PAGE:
"A lot of tourists left, I think, probably a little bit annoyed and I would assume went somewhere else for their next ski vacation where they weren't going to be hassled as much," Vance said. "People couldn't figure out why it was that they had to join a club that didn't have a swimming pool, golf course or a tennis court."
The Beerhive took over an old FedEx store and now has about 100 beers on tap. But it's more unique feature might be a narrow strip of ice lining the top of the bar counter where patrons can place their beer between sips.
"Your whole life you're used to getting that last, nasty warm sip of beer. With this, the last sip is colder than the first," Vance said.
A five-minute walk away from the Beerhive is Squatters, which has been brewing beer for two decades.
The brewpub always has 12 of its own beers on tap and makes about 20 seasonal varieties.
Brewmaster Jennifer Talley and her assistant Jason Stock make fun beers based on their taste and what they are in the mood to drink. On a recent weekday they bottled 2,240 bottles of their new 529 beer, aged 529 days in oak barrels in the basement.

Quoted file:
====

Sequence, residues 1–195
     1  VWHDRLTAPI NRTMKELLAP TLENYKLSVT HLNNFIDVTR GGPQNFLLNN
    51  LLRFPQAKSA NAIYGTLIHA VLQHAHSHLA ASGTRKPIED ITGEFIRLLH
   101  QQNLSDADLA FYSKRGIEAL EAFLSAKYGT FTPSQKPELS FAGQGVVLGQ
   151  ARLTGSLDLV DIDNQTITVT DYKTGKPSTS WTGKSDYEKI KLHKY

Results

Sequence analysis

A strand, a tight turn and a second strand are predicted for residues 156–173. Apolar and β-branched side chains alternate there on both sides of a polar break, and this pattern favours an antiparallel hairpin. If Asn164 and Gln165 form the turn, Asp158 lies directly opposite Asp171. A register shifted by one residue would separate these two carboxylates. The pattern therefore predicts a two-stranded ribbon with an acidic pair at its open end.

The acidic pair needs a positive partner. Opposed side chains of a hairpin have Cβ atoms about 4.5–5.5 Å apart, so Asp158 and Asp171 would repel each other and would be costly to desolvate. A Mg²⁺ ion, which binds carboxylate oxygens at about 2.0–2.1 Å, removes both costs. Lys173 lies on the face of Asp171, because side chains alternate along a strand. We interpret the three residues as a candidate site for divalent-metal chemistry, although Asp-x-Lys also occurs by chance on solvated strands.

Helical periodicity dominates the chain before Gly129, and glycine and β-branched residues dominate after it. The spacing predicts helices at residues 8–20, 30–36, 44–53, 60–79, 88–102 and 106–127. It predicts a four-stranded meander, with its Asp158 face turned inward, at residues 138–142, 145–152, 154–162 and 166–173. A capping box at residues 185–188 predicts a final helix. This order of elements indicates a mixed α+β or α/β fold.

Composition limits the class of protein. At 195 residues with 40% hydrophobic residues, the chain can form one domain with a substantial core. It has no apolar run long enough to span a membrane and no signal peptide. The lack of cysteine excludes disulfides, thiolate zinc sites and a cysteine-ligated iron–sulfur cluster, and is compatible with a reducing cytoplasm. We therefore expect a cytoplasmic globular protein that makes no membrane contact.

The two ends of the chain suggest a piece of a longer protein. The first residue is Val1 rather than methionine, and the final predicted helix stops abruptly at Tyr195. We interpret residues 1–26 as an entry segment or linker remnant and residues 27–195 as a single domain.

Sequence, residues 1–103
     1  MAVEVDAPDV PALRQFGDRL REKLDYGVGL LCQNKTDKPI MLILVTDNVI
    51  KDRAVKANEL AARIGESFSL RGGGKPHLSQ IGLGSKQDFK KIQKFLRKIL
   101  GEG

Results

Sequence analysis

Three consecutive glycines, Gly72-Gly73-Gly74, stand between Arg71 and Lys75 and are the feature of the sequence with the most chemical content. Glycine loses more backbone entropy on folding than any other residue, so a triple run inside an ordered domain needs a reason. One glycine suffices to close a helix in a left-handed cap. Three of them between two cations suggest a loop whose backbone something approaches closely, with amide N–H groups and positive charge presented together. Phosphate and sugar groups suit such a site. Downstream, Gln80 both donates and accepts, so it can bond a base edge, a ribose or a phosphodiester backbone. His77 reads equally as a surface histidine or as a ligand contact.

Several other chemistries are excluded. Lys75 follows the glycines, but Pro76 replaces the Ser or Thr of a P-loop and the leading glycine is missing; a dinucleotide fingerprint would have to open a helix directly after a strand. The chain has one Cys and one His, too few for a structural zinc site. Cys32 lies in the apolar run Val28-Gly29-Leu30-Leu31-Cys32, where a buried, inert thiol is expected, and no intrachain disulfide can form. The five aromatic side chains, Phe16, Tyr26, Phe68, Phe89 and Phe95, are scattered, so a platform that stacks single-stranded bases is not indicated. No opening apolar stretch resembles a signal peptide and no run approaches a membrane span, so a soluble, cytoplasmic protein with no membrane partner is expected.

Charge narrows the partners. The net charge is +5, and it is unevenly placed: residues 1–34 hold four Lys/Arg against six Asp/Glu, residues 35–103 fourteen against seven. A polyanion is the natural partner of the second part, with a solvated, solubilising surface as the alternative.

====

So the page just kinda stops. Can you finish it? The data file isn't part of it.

"We're here to prove the stigma wrong. We've been here 20 years making amazing beers," Talley said. "People don't even know that you can have a drink in Utah. Not only can you have a drink, you can have amazing beers, amazing wines."
Thanks to the new law Talley can now make beers with a high percentage of alcohol, although they still can't serve those on tap -- only in bottles.
"It just opened up our entire portfolio of beers to be able to make anything we want, any style we want," she said.
Squatters and other brewpubs can now also sell six-packs of beer directly to consumers to take home. Previously, the brewery had to sell the beer to the state and then buy it back at a markup. Squatters said sales have quadrupled because of that change.
For now, Squatters -- like most other Utah breweries -- sells the vast majority of its beer in-state. The pub is just too small to keep up with bottling large quantities of beer for distribution. But Squatters does hope to get its beer on the shelves of liquor stores elsewhere in a few years.
"We want to make sure our locals are taken care of first," Talley said, "then we will take care of everybody else."